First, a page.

Angela Moores
Formerly of Jarvis Family Law, Harrogate
Family & Divorce Solicitors Harrogate,Oldham,Ashton under Lyne,Stockport Menu

Coercive Control

This is a phrase we are hearing more and more in the press recently but what does it mean?

Coercive control became an offence under the Serious Crime Act 2015 and it applies to behaviour that occurred after 29th December 2015. Where behaviour stops short of serious physical violence, but amounts to extreme psychological and emotional abuse, the perpetrator can now be prosecuted.

For an offence to be committed such controlling or coercive behaviour has to have taken place within an intimate or family relationship i.e. it cannot take place between strangers, work colleagues or friends.

The offence is committed if someone repeatedly behaves in a way such that the other person fears violence is going to be used against them, or he/she is substantially distressed to ancoercive control extent that it effects their day to day life.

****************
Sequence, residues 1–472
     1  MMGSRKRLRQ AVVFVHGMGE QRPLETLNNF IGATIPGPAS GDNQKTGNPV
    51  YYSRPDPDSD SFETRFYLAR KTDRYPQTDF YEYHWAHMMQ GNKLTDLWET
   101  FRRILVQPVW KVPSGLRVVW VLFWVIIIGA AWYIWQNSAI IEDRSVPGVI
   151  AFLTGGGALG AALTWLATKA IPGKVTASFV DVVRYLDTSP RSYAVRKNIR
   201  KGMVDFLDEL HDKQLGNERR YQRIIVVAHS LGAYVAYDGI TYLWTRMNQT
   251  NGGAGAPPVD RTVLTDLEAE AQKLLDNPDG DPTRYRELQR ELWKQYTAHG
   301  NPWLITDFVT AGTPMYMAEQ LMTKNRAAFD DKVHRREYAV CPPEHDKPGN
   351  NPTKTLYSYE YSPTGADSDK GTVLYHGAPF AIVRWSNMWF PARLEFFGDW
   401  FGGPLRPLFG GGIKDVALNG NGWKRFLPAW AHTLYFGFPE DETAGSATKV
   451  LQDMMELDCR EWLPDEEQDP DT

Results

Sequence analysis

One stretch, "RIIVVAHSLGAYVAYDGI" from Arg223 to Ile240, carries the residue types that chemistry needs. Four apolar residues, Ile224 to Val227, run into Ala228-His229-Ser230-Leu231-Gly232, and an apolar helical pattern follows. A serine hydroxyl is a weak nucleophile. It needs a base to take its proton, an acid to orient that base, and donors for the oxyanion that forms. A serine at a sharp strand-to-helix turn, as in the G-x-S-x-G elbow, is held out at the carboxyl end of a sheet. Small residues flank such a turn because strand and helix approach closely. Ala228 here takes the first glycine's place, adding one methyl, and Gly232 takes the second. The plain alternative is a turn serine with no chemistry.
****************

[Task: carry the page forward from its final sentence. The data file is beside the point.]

Aid organisations have provided examples of the types of behaviour that may now be considered to be coercive and controlling. These include:

Coercive and controlling behaviour is a serious matter and already there has been a case where someone has been imprisoned for such behaviour. To prove coercive control evidence could include copy emails, phone records, text messages, CCTV, photographs, medical records, police records as well as the victimÍs own diary or oral evidence.

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